Planting native plants in your yard is an excellent way to increase wildlife habitat and help the Chesapeake Bay. But what makes native plants so special? And which plants are “native,” anyway?
What are native plants?
First, the basics. Native plants are flowers, ferns, trees, shrubs and grasses that have always grown in our region. They’re the plants you often see growing naturally in forests and roadside meadows.
Because they’ve always grown here, native plants are adapted to our soil, climate and pests. This means they don’t need to be watered, fertilized or sprayed with insecticides like non-native plants that are imported from other parts of the world.
Native plants provide the best source of food (seeds, berries and nectar) for bees, birds, butterflies and other wildlife because these plants and animals evolved together. You’ll likely attract more honeybees, hummingbirds and butterflies to your yard if you plant native species.
Which plants are native?
Some common native flowers are black-eyed Susan, coneflower and wild columbine. Native trees include sweetgum, red maple, Eastern redbud and American holly. But these are just a few of the hundreds of plants that are native to our region.
The best way to figure out which plants are native is to explore a book or online guide that describes native plants. Here are three excellent resources to help you get started:
- The U.S. Fish & Wildlife Service’s Native Plants for Wildlife Habitat and Conservation Landscaping: Chesapeake Bay Watershed
- The Native Plant Center, an online version of the U.S. Fish & Wildlife Service’s native plant guide
- The Lady Bird Johnson Wildflower Center’s online Plants of Chesapeake Bay collection
There is an important distinction between naturalized plants and native plants. Naturalized plants, such as Queen Anne’s lace, are not native to our region and spread on their own. Some naturalized plants may actually be invasive, which is bad for your yard and for wildlife.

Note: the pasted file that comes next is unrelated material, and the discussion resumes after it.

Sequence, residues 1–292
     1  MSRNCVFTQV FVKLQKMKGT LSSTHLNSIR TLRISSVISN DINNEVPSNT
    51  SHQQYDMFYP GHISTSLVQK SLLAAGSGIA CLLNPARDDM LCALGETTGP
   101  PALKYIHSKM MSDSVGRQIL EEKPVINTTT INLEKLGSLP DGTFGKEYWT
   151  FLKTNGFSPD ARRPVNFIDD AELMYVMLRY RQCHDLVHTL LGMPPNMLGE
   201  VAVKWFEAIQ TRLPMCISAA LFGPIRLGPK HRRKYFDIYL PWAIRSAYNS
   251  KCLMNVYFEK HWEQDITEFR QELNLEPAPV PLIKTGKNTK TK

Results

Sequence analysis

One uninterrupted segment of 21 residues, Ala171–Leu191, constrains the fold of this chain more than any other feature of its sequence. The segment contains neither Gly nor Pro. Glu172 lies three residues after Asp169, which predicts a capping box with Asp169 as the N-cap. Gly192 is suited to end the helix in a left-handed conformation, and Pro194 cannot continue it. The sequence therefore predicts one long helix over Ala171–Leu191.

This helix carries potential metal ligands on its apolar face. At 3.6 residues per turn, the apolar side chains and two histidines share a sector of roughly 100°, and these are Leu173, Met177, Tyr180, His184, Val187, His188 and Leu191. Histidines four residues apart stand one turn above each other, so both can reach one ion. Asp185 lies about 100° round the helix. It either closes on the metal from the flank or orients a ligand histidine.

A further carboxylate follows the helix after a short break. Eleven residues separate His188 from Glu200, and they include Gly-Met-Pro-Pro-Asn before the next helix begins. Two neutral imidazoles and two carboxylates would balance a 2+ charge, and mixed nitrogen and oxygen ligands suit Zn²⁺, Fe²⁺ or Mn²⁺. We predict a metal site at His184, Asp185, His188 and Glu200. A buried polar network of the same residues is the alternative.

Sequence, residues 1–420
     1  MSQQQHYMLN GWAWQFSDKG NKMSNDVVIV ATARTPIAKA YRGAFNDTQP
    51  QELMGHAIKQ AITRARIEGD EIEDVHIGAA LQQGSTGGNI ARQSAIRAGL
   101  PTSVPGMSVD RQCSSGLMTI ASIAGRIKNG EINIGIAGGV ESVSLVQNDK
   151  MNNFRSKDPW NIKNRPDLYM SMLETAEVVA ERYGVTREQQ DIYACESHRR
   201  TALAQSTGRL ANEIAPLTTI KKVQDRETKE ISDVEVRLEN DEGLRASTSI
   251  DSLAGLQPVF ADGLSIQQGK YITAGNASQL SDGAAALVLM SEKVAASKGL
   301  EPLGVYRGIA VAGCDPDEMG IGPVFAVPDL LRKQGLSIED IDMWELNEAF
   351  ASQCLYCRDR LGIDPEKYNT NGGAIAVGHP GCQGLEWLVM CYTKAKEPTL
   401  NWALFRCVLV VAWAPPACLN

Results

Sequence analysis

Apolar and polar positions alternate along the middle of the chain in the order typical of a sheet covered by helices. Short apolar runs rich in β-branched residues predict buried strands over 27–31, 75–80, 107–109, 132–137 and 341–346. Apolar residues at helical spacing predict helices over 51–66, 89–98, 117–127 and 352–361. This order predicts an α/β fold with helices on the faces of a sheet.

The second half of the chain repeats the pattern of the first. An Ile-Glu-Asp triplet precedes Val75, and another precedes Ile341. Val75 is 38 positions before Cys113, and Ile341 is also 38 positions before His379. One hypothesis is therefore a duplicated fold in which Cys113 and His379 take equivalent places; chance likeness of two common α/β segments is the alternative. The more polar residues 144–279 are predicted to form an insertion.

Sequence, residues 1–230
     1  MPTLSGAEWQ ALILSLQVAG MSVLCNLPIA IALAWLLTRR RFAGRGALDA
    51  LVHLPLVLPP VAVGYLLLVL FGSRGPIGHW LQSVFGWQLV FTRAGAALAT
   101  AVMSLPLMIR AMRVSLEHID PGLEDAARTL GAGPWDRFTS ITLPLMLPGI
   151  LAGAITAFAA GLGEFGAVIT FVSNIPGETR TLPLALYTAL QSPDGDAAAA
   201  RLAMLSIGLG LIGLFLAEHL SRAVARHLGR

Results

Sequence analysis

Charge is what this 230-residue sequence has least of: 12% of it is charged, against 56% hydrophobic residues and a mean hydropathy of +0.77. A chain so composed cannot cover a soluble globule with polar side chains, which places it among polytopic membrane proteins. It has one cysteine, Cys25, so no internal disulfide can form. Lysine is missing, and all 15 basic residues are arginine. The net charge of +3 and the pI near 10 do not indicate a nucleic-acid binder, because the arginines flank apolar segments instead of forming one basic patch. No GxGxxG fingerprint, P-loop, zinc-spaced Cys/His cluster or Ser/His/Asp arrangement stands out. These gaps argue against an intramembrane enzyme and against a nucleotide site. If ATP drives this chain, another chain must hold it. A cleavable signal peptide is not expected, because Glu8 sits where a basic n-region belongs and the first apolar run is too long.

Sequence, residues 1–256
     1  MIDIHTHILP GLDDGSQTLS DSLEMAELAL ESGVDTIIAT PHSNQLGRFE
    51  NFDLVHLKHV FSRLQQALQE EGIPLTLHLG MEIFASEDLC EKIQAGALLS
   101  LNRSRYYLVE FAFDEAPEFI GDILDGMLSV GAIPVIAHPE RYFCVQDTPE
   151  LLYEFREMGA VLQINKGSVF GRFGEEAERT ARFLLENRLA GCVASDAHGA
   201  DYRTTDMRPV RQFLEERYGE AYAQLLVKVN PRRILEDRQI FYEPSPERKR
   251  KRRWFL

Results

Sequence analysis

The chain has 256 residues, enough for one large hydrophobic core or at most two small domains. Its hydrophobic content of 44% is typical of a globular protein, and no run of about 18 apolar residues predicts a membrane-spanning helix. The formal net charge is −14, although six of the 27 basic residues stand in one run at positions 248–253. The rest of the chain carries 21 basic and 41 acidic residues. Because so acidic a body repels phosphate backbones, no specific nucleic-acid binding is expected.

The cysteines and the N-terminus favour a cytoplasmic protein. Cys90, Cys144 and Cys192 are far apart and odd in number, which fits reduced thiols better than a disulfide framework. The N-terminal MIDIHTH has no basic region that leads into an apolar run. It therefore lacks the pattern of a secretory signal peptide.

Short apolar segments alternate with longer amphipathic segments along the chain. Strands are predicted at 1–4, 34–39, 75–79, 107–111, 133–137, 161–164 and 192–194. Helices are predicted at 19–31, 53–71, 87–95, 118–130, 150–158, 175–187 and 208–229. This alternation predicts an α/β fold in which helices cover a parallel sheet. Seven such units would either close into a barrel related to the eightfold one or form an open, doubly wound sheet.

How do I choose the right native plants?
Now that you know all about native plants, how do you decide which ones to plant?
Just like any other plants, you must choose natives that will thrive in the particular environmental conditions in your yard. That means you need to determine whether your garden gets full, partial or very little sun, and if it has sandy, loamy or clay soil. (You’ve tested your soil, right?)
Another benefit of landscaping with native plants is that you don’t have to amend your soil to create a beautiful garden. Since native plants are adapted to local growing conditions, they’ll do just fine in whatever soil exists in your yard – even the heaviest clay or driest sand. The guides listed above will help you identify which native plants will work best in your garden.
Where can you buy native plants?
It can be difficult to find native plants at many local nurseries. Your best bet is to seek out a nursery or non-profit organization that specializes in native plants. The following links list local and online retailers where you can purchase native plants.
- Finding Native Plants – U.S. Fish and Wildlife Service Chesapeake Bay Field Office
- Native Plant Sources – Maryland Native Plant Society
- Pennsylvania Native Plant Sources – Pennsylvania Native Plant Society
- Virginia Native Plant Nurseries – Virginia Native Plant Society
- Native Plants & Sources – West Virginia Department of Natural Resources
Because native plants grow wild in many areas, you may be tempted to collect plants and seeds from a nearby park, meadow or forest. However, we don’t recommend this. You can do more harm than good by walking through fragile natural areas and taking seeds that would otherwise help the plant spread in its native habitat.